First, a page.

It is imperative to acknowledge that the impacts of short-term climate change on malaria are at hand and undeniable and that planning for adaptation, mitigation, and continuous monitoring is essential if we are to minimise the imminent effects, especially at the micro-scale community level. SMCs may provide an opportunity to target those areas with high seasonality impacts, especially in under 5 children. Consequently, it is essential that environmental change monitoring is considered alongside monitoring of interventions and prevalence rates so that appropriate preventive mechanisms to counteract transmission, such as SMC, can be introduced. Our study findings highlight how essential the discussion about intra-annual or inter-annual seasonality changes (in environmental characteristics) driven by near-term climate change and malaria still is today and demonstrates the seriousness of the potential consequences if it is ignored.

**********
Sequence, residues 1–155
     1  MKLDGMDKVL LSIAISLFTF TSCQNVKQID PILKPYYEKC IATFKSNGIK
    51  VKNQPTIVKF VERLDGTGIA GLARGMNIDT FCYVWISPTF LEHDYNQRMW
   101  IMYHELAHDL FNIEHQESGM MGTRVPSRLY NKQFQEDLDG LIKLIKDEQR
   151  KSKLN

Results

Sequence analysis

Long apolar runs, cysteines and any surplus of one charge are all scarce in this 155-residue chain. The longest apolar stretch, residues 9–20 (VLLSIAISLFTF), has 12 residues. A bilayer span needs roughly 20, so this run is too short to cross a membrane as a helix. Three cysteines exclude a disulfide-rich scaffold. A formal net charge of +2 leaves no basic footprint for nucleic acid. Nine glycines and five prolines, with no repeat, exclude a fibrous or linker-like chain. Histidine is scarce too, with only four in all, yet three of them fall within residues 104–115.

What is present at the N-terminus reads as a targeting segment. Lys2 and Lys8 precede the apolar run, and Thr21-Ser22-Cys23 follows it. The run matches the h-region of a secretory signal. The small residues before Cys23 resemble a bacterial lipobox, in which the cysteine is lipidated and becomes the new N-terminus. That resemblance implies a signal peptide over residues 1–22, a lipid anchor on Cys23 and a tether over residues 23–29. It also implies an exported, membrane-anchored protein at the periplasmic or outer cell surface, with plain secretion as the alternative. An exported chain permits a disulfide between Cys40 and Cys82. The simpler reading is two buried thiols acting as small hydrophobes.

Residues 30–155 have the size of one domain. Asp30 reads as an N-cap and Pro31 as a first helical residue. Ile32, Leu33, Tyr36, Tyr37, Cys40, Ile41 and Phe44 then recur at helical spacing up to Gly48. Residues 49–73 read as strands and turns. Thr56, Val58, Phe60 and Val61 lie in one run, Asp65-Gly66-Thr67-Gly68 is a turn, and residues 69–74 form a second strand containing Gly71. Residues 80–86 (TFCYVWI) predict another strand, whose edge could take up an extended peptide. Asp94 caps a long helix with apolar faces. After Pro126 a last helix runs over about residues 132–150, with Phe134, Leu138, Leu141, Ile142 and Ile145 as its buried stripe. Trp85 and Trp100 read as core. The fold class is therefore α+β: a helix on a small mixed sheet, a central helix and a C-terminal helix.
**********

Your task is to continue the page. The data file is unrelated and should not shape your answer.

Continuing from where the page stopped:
A potential limitation of this study is that the long time-series data used extends across some health policy changes, including the extensive introduction and use of RDTs since 2009. It is important to acknowledge that these changes may have partly influenced some of the observed trends.